A Chinese court has sided with the Starbucks coffee house chain in its battle with a Shanghai rival over their use of the same Chinese name, news reports said.
The dispute in China's rapidly expanding market for gourmet coffee highlights the country's struggle to mediate trademark disputes, a new concept for the communist legal system.
A Shanghai court ordered the Shanghai Xingbake Cafe Corp Ltd to stop using the name Xingbake, the name used in Chinese by Starbucks Corp, the Shanghai Daily and China Daily newspapers said. Xing, pronounced "shing," means star in Chinese, and bake, or "bah kuh," sounds like bucks.
The Shanghai No. 2 Intermediate People's Court said that the Shanghai firm engaged in "illegitimate competition" by using Starbucks' Chinese name and imitating the design of its cafes, the China Daily said.
Judge Lu Guoqiang's ruling on Saturday also ordered Shanghai Xingbake to pay Starbucks 500,000 yuan (US$62,000) in damages, the reports said.
Starbucks opened its first cafe in China in 1999. It later caused a stir by adding outlets in Beijing's imperial palace and at the Great Wall, north of the Chinese capital.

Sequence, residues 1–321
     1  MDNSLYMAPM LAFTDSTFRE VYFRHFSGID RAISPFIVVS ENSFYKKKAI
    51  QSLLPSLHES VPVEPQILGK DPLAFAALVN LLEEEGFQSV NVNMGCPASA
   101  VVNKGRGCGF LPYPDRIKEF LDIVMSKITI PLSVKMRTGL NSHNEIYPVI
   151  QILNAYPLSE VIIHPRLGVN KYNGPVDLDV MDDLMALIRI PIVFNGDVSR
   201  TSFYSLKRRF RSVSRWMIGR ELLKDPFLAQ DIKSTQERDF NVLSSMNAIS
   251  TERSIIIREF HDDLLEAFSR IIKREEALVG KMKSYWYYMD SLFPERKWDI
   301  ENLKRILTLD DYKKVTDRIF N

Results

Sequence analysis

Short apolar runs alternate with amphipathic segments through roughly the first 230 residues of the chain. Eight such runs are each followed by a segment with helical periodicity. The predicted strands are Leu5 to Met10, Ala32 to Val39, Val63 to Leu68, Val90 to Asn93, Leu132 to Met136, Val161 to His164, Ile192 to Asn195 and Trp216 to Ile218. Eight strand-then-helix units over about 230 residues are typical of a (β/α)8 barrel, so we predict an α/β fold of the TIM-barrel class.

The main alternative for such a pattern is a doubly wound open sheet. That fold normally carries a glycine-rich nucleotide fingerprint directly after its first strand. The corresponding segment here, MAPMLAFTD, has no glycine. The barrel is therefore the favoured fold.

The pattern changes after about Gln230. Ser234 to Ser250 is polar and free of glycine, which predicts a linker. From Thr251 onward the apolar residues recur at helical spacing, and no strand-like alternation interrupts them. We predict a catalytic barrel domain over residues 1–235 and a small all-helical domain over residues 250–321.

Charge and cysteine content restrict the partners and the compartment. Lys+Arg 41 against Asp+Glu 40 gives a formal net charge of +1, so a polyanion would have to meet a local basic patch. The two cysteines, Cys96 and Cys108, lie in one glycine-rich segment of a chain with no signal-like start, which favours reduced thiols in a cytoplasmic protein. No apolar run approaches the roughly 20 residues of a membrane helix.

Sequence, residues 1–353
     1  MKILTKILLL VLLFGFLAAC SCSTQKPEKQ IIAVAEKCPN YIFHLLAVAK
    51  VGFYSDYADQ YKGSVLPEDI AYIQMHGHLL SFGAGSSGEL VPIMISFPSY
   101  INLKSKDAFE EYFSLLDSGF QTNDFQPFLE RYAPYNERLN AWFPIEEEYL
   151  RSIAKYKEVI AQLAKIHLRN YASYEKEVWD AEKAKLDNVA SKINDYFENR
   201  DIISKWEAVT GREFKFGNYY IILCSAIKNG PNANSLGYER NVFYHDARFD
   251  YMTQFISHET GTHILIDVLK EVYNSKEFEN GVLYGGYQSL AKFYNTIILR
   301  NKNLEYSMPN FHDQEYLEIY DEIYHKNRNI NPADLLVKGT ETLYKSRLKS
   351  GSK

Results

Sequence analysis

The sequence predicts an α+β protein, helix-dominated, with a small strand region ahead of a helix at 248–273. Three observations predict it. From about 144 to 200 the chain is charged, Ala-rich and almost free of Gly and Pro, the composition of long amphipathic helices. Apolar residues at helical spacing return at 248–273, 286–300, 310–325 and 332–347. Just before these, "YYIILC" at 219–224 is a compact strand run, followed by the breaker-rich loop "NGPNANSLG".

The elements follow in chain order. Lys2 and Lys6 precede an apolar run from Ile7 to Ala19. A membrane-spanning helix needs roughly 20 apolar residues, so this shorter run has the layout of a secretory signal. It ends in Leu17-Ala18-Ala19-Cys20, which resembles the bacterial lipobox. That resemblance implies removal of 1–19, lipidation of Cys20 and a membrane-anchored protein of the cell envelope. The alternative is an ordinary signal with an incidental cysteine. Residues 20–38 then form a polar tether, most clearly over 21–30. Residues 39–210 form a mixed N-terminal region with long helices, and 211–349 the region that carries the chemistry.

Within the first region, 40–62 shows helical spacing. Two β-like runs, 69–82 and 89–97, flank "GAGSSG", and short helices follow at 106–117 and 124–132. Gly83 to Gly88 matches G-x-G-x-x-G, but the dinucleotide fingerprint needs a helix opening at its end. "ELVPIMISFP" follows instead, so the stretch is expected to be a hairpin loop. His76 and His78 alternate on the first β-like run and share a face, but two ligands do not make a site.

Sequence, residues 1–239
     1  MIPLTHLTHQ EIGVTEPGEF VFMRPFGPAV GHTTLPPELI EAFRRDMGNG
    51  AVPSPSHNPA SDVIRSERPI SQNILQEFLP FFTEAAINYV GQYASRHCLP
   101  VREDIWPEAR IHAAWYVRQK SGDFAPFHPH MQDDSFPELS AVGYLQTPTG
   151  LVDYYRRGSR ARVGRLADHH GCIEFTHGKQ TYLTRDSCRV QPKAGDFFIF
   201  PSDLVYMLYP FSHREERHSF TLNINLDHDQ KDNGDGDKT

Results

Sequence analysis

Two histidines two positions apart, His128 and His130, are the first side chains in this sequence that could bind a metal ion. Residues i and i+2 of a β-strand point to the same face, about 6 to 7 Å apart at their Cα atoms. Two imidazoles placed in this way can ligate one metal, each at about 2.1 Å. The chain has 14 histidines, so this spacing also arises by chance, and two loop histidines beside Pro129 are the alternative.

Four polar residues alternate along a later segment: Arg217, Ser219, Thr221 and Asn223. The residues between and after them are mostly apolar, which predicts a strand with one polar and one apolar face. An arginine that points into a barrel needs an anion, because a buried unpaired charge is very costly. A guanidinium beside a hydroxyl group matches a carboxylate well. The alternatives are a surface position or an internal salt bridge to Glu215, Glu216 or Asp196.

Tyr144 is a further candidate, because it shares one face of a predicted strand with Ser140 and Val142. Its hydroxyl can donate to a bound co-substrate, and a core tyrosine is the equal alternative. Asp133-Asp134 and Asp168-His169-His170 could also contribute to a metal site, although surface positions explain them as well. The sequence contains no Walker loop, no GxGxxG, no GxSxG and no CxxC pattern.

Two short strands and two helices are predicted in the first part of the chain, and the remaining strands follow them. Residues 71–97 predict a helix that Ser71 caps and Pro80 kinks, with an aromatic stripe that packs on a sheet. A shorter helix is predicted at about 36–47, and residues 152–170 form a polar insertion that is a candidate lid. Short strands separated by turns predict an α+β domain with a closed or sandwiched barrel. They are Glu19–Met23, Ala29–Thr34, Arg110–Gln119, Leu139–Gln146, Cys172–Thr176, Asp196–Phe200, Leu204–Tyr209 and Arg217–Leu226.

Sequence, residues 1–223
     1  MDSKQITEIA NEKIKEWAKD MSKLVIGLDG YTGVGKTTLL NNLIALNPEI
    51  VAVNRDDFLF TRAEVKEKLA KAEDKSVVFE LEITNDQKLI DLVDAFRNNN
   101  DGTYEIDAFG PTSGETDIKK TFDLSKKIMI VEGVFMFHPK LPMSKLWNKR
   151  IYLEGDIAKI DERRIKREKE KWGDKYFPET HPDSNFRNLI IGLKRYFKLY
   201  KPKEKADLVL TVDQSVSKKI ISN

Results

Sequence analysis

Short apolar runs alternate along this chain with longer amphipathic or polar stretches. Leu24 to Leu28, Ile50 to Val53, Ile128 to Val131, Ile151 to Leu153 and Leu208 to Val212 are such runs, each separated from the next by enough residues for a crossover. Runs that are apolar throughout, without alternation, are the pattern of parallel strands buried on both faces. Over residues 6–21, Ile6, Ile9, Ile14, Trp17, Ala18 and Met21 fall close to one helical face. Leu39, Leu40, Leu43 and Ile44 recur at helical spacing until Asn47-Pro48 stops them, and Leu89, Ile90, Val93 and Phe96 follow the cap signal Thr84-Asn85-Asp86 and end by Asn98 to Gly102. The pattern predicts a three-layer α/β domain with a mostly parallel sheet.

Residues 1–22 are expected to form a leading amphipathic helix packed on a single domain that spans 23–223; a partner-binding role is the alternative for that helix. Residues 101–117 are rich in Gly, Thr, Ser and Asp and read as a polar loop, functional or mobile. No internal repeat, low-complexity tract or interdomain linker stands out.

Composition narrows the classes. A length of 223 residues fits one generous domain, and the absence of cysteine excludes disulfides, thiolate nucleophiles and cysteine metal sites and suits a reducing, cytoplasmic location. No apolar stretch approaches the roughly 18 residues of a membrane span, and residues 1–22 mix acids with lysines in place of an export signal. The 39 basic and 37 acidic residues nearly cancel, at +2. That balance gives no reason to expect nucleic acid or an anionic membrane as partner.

Foreign rivals and Chinese upstarts have jumped into the market to compete for well-heeled customers who pay up to 50 yuan (US$6) for a cup of coffee -- more than the average Chinese worker makes in a day.
Starbucks sued Shanghai Xingbake in 2003.
The Shanghai coffee house argued that its name was valid because it was registered in 2000, before Starbucks applied for its own Chinese trademark.
Starbucks rejected that, saying its name and mermaid trademark were registered in China beginning in 1996.
The Shanghai Daily report on Sunday said the Starbucks ruling was the first of its kind under a 2001 Chinese law meant to protect well-known international trademarks.
Starbucks' popularity has also prompted some Taiwanese coffee chains to mimic its logo and trademark. One of the alleged copycats, Penland Star Coffee (星半島), which translates as "star peninsula" in Chinese, attracted the attention of Starbucks when executives of the world's largest coffee retailer were surprised to spot its store sign during an inspection trip to Taiwan in September 2004.
"Whether any legal action has been or will be brought against Penland Star Coffee is the decision of US headquarters. As of now we haven't heard of any updates," said Bonnie Chao (
Foreign companies have complained for years that the Chinese government is failing to stamp out piracy of copyrighted or trademarked goods such as movies or designer clothes.
More recently, Chinese companies have begun to turn to the courts to protect their own names. A Shanghai soft drink maker, Yaqing Industry and Trade Co, lost a lawsuit last January against the Coca Cola Co and its local bottler over the name of a new beverage.
Additional reporting by Jackie Lin